Monday, March 7, 2011

Feathers Part II

Thanks for the great response to the Feather Tutorial! Here is a bit more information, with some variations.

Feathers are nice with a bit of a curved spine, so I like to use them in the triangles in pinwheels and other similar shapes.

windmill mini quilt

pinwheel sampler quilt

Feathers also work really well for borders. For this one I made a center spine (with a slight curve), and did the lobes on one side and then the other.

Plan C Schnibbles

This one is a simple feather border (open heart feather), with no central spine.

fruit table runner

This feather border design I used when I had a wide border that I wanted to fill with feathers. For this one I worked down one side of the spine and then up the other side. I backtracked along the spine and between two lobes to start the spine of the next feather.

D's pinwheel quilt

Feathered Wreaths are a bit more tricky, but only because of the lobes in the center of the circle. Normally lobes are wide at the top and narrow towards the spine, for the center of a curve the lobes are narrow at the top and wide at the spine. They always seem to look odd when I am stitching them, but they seem to look fine in the end.
The outer lobes of a circle need to have very wide ends and be very narrow at the spine to get the lobes to go around the circle, and not to have the lobes coming off the spine at a 90° angle.
I usually mark the center circle of a feathered wreath to make sure it is more even.

drunkard's path mug rug

diamonds at large lap quilt
This one has an oval center, with a spine that I echoed before adding the lobes. The lobes also filled in the diamond shape of the block. I echoed the center because the feathers created an odd puffy center that I didn't like the look of.

nine-patch mini quilt
This feathered wreath is so small (in a 4½" block) that I didn't have room for center lobes. The center circle is echoed.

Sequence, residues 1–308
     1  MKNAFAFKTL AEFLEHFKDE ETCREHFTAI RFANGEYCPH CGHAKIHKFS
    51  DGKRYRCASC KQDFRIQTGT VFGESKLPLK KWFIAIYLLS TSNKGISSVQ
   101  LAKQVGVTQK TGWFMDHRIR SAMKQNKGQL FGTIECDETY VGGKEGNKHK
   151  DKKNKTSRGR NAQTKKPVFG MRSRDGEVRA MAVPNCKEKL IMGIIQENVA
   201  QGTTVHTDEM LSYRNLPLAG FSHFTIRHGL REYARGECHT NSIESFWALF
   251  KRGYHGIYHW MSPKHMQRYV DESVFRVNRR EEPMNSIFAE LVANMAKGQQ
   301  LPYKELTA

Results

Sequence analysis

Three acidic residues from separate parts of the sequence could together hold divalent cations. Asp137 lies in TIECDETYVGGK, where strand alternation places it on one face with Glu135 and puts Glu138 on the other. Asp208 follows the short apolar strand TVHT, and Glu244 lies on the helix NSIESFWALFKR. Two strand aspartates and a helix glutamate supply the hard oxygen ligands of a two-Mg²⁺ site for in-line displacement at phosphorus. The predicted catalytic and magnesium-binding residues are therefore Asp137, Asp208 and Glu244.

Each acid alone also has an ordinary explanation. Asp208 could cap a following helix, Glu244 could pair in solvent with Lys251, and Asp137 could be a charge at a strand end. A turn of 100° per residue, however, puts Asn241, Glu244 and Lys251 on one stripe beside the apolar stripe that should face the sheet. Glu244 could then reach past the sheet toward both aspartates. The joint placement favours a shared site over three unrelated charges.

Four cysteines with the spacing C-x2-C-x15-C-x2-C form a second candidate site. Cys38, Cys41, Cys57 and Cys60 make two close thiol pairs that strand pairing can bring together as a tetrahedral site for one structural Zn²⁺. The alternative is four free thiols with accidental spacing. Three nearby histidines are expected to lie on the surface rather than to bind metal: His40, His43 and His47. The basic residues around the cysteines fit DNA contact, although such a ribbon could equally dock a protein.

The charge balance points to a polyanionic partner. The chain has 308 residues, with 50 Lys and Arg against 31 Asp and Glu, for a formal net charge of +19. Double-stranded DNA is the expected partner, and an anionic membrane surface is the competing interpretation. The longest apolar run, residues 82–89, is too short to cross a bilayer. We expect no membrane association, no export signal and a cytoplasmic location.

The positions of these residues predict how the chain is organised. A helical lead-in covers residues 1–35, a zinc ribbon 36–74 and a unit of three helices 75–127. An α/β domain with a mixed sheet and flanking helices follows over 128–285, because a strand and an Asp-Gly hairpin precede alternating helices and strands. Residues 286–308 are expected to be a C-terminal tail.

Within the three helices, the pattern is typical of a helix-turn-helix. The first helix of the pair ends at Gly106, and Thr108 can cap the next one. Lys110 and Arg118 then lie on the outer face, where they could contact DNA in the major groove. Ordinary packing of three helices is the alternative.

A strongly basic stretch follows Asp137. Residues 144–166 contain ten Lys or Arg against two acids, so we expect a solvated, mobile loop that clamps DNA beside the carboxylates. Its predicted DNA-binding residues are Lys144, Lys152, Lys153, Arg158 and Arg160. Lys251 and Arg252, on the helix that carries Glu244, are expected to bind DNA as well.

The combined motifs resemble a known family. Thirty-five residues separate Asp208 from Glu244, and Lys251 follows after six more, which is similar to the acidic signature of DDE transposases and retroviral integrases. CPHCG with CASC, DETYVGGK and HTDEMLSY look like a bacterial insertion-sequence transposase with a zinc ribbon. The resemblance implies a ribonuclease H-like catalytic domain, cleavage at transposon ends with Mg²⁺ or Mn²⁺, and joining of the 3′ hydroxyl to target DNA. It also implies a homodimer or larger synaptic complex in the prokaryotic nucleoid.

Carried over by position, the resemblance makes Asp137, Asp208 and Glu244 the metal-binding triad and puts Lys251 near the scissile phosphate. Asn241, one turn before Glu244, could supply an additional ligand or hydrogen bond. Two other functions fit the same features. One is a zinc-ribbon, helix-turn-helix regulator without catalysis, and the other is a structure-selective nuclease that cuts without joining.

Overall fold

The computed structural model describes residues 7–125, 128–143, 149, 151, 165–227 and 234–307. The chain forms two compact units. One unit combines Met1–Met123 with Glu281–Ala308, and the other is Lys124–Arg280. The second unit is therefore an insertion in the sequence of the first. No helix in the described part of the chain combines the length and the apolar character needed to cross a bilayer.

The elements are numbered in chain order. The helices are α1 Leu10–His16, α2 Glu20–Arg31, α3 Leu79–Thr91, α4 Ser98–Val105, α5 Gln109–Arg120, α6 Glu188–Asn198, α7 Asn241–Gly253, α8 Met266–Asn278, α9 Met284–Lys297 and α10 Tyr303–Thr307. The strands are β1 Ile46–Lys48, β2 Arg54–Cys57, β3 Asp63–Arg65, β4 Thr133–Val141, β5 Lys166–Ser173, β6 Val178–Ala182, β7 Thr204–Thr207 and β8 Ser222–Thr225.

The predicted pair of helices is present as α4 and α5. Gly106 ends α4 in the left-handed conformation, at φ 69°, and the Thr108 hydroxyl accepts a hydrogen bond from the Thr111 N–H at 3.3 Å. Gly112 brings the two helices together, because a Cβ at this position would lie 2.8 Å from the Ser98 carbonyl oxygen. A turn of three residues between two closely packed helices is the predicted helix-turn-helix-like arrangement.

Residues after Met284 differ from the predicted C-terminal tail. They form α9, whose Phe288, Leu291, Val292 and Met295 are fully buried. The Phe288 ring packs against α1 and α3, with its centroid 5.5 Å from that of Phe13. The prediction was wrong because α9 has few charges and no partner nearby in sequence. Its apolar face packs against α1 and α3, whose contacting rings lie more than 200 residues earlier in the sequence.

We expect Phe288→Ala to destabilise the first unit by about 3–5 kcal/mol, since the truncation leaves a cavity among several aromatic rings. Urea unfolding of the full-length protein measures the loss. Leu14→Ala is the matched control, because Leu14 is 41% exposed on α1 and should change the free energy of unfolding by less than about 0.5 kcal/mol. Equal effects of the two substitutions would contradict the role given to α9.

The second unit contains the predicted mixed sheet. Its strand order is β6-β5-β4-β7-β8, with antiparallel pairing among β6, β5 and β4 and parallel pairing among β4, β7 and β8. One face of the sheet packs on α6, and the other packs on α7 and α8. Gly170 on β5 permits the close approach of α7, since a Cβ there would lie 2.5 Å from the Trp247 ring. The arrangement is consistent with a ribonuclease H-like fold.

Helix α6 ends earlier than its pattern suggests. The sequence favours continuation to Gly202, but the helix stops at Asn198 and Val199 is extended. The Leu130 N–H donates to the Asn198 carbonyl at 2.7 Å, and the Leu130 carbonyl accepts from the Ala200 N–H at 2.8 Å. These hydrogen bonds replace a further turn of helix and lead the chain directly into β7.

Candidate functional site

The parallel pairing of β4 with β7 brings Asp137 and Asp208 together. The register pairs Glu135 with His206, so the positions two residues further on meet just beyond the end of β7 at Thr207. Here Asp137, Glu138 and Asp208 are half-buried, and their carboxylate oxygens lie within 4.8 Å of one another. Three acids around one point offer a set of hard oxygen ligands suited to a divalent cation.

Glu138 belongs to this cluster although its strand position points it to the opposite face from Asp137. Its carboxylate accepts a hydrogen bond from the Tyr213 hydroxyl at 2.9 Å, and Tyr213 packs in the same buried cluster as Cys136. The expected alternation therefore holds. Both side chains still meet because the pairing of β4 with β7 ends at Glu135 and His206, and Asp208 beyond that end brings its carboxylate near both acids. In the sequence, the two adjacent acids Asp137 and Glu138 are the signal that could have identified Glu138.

Here are some other feather variations -

big border mini quilt
a heart created by two curved feathers

applique fruit basket mini quilt
Pea pod surrounded by feathers for the corner design. This feather has a slight space between the lobes and the whole feather is echoed to create a different look. The spine is just a single spine but an echoed spine is nice too.

applique fruit basket mini quilt
A feather with a small feather coming out of the lobes. The slight space between the lobes also.

free motion quilt sample
This feather was echoed and then I went back with another colour thread over the spine and into the lobes to create veins in the lobes.

The next two quilts have little "feather style" variations -

drunkard's path wall hanging

flying geese mini quilt

All the quilts are quilt with Invisafil, except for the applique fruit basket mini quilt and the free motion quilt sample which were quilted with Aurifil #50.

I also have an older tutorial for beginning free motion quilting.

One of the best ways to improve at free motion quilting is to take a "7-day challenge". Make up 7 little quilt sandwiches (at least 12" square), and every day for a week, free motion quilt for about 10 mins (try to fill in the square). You will be amazed at how much you improve by the end of the week. Like Diane Gaudynski always says "Keep quilting! Your work gets better everyday."
The free motion quilt sample above is one of my practice pieces from last year when I was learning this style of quilting (my friend Wendy (Inky Threads) and I challenged each other to quilt every day for a month) - I was so pleased with how it turned out that I added binding and turned it into a table mat.

Have a great day and thanks for stopping by!!
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